The effects of surface fossil magnetic fields on massive star evolution - II. Implementation of magnetic braking in MESA and implications for the evolution of surface rotation in OB stars

Z. Keszthelyi, G. Meynet, M. E. Shultz, A. David-Uraz, A. Ud-Doula, R. H.D. Townsend, G. A. Wade, C. Georgy, V. Petit, S. P. Owocki

Research output: Contribution to journalArticlepeer-review

6 Scopus citations

Abstract

The time evolution of angular momentum and surface rotation of massive stars are strongly influenced by fossilmagnetic fields viamagnetic braking.We present a new module containing a simple, comprehensive implementation of such a field at the surface of a massive star within theModules for Experiments in Stellar Astrophysics (MESA) software instrument.We test two limiting scenarios for magnetic braking: distributing the angular momentum loss throughout the star in the first case, and restricting the angular momentum loss to a surface reservoir in the second case.We perform a systematic investigation of the rotational evolution using a grid of OB star models with surface magnetic fields (M∗ = 5-60 M⊙, Ω/Ωcrit = 0.2-1.0, Bp = 1-20 kG). We then employ a representative grid of B-type star models (M∗ = 5, 10, 15 M⊙, Ω/Ωcrit =0.2, 0.5, 0.8, Bp =1, 3, 10, 30 kG) to compare to the results of a recent self-consistent analysis of the sample of known magnetic B-type stars. We infer that magnetic massive stars arrive at the zero-age main sequence (ZAMS) with a range of rotation rates, rather than with one common value. In particular, some stars are required to have close-to-critical rotation at the ZAMS. However, magnetic braking yields surface rotation rates converging to a common low value, making it difficult to infer the initial rotation rates of evolved, slowly rotating stars.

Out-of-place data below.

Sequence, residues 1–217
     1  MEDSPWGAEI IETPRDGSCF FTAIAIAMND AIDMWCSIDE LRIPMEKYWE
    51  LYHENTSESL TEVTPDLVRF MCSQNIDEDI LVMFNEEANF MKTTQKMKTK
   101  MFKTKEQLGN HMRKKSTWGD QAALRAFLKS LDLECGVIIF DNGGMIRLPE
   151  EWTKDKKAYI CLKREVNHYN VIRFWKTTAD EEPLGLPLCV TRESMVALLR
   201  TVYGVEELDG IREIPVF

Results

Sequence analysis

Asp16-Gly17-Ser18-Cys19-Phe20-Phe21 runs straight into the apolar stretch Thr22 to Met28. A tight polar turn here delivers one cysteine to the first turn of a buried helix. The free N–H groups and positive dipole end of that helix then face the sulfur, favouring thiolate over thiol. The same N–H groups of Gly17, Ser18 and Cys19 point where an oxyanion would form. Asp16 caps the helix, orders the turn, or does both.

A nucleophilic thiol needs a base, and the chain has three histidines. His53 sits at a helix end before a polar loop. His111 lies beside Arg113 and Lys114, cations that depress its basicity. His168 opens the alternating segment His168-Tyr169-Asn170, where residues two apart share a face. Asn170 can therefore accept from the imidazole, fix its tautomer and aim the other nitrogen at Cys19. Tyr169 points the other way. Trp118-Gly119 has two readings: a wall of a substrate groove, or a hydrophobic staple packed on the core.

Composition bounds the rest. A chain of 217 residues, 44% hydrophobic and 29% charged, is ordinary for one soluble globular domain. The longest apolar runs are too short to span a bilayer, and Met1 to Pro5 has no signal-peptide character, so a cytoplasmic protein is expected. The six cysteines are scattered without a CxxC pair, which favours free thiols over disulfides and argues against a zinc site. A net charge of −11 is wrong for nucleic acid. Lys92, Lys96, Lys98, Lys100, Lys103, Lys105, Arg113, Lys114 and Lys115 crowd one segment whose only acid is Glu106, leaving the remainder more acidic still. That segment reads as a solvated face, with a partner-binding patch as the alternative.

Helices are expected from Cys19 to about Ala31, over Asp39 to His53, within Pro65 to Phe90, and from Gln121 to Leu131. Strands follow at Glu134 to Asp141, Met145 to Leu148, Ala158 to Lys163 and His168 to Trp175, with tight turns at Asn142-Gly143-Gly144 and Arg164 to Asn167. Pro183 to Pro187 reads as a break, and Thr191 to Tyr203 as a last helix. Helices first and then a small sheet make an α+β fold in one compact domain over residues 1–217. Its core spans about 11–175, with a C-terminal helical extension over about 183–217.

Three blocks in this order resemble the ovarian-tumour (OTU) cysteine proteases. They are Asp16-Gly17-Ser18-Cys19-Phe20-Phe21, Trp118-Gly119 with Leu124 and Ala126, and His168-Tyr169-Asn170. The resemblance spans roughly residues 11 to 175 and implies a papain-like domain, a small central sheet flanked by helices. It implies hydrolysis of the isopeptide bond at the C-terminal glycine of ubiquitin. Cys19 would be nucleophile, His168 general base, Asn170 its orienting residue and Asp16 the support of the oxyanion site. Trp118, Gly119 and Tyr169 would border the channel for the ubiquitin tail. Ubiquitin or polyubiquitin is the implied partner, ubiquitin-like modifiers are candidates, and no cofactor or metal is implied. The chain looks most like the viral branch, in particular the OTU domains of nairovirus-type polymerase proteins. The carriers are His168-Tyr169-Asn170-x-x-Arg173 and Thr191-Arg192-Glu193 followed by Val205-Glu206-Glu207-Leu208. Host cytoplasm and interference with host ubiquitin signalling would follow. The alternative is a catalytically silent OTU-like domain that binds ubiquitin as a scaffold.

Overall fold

Original languageEnglish (US)
Pages (from-to)518-535
Number of pages18
JournalMonthly Notices of the Royal Astronomical Society
Volume493
Issue number1
DOIs
StatePublished - Mar 1 2020

All Science Journal Classification (ASJC) codes

  • Astronomy and Astrophysics
  • Space and Planetary Science

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